The Warsan

The Kenya-Uganda railway effect has broken out again

By Charles Onyango-Obbo

Last week, the Daily Monitor’s sister publication, The East African, reported that Tanzania had signed an agreement to link its Standard Gauge Railway (SGR) to Burundi and the Democratic Republic of Congo.

The first phase of the construction will start from Uvinza District in Kigoma region in north- western Tanzania to Gitega via Msongati region in Burundi, covering a stretch of 240km. The railway will then be extended to the eastern regions of DRC, The East African reported.

While the railway was seen as largely an economic undertaking, it is perhaps more important to remember that the “metal snake” has been one of the things that shaped not only the region’s politics, but also the shape of our states.

In mid-September in coastal Kenya city of Mombasa, traders demonstrated against the Nairobi government’s decision to transport all containers from the port to Nairobi Inland Container Deport – via the standard gauge railway.

The critics of the decision to move goods by rail to Nairobi after being offloaded from ships, say it’s not necessarily cheaper; creates a monopoly; and that thousands of people who have invested in trucking and their drivers will be jobless. That it would crash the Mombasa economy – which it probably will.

The protestors had many supporters. If we needed a reminder that railways are not just about transport or economics, that they are something bigger, that was it.

The Kenya SGR has since been extended to Naivasha, and Uganda has actually been given a piece of land in Naivasha to develop its inland port. That has far-reaching implications for tying the Uganda-Kenya economies, and the shape of the East African Community, in as much as the Tanzania-Burundi-DRC SGR will affect the centre of gravity of the future EAC if, as now looks certain, the DRC is admitted as the 7th member in the months to come.

Consider what the Kenya-Uganda railway did. In Kenya and Uganda especially, most development happened along the “railway corridor.” Most early schools, hospitals, churches, mosques, towns, tea, coffee and other big plantations, and mines, were all built 15 to 100 kilometres from the railway line.

The people who lived along the railway corridor, by and large, got a leg first in the modern world and its economy. They were the first to get education, became the first workers in the colonial states, and were best positioned to take over from the mzungu at independence. They became the post-independence elite, and power class, with all the trappings that come with that.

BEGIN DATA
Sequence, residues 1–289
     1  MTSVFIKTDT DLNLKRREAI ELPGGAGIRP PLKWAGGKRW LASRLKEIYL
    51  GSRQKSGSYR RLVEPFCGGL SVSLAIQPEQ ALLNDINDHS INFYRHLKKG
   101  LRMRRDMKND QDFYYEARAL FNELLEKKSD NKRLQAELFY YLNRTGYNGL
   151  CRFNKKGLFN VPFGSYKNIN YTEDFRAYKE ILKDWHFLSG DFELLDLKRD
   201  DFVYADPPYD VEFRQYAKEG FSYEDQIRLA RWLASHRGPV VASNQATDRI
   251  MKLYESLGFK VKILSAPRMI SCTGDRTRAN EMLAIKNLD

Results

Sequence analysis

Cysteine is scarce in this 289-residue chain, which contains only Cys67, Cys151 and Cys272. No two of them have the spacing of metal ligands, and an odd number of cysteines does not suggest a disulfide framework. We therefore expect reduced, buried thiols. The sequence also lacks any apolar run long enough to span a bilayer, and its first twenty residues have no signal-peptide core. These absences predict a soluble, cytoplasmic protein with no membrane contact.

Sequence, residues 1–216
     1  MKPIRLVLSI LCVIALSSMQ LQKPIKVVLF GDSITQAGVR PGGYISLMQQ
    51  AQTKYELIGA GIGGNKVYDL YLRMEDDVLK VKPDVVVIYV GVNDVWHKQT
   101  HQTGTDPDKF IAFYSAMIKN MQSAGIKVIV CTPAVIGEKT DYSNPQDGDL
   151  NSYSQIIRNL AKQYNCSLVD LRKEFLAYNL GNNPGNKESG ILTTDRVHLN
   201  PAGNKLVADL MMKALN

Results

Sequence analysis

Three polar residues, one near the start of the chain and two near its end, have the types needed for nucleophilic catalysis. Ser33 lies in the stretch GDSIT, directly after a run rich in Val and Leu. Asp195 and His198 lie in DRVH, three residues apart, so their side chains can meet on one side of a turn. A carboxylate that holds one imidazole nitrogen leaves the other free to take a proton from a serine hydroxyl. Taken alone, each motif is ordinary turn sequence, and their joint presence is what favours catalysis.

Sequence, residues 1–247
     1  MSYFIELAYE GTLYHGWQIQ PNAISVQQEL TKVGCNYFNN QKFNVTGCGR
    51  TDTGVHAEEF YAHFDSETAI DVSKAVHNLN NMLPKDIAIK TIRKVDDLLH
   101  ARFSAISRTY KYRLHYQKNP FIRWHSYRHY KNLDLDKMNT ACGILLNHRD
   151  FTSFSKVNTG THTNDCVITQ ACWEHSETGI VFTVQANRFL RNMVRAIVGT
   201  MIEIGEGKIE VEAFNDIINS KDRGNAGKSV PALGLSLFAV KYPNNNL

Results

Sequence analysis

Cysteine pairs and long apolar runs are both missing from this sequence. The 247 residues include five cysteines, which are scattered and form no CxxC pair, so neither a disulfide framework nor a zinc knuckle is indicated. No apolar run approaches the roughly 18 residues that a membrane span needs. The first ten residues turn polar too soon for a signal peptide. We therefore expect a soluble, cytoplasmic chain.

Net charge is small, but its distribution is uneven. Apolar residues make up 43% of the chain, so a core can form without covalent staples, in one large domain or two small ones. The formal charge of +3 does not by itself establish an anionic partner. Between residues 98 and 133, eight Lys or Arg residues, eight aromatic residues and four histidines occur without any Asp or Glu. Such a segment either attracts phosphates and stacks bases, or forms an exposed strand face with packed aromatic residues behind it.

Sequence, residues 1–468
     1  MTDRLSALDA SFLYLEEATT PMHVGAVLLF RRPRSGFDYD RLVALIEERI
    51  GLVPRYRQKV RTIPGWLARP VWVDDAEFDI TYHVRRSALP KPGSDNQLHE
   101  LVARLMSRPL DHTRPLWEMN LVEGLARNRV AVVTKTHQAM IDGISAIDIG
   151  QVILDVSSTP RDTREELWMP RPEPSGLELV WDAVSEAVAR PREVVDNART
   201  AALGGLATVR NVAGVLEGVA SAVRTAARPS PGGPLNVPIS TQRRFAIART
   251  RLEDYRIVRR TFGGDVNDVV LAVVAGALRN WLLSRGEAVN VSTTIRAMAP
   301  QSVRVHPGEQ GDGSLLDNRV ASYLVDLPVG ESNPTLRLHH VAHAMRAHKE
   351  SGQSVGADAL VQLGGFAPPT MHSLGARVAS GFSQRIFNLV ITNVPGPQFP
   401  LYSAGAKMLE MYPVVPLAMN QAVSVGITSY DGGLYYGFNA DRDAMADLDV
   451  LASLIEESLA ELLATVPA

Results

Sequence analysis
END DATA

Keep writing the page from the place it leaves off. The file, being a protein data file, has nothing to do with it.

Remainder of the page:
By the end of the 1980s, the railway age began to die out in most of Africa. Coups, corrupt and brutal military dictatorship, disastrous “socialist” experiments, and the global commodity crisis that sent mines and crop commodities into a plunge, wrecked the railways. In the last 15 years, there has been a general railway revival, Kenya’s SGR, the Djibouti-Ethiopia SGR, and about half dozen other completed or on-going projects around Africa.

We can predict how they will continue to distribute national goods in several micro ways. When you get on the SGR and do an express ride to Mombasa, you will not stop to buy roast maize and meat on the roadside; you will not stop to pee in the restaurant along the highway and buy drinks and mandazi on your way out; neither will you not stop to fuel at the gas stations along the way.
Already in Kenya, the places where the SGR stops are booming, and some of the towns from which it has taken road traffic have started to wither. And at even bigger scale, we need to remember that Uganda and Kenya had a brief border war over it.

When President Yoweri Museveni took power in Uganda in 1986, he didn’t get along much with then-Kenya president Daniel arap Moi’s government. Nairobi accused Uganda of exporting “revolution” across the border.

But the real beef was over a decision by the Museveni government that all Uganda exports and imports through Mombasa would have to travel by railway.

Big people in the Kenya government and the ruling KANU, were heavily invested in trucking goods to Uganda and beyond. Kampala and Nairobi kept trading insults over the issue, and free movement of goods at the Busia and Malaba borders were disrupted frequently, causing shortages in Uganda.

In October 1987, the two countries exchanged fire at the Busia border for two days, and several people were killed. Peace only returned when Kampala gave up on its plans for exclusive use of the railway to Mombasa. In Kampala, officials claim, key KANU people were also allowed to continue trucking contraband, and for some years, to smuggle Ugandan coffee, without much hindrance.

This arrangement defined Kampala-Nairobi relations until the Opposition won and Mwai Kibaki became president at the end of 2002. In these parts, a railway is not just a railway.

Mr Onyango-Obbo is curator of the “Wall of Great Africans” and publisher of explainer site
Twitter: @cobbo3

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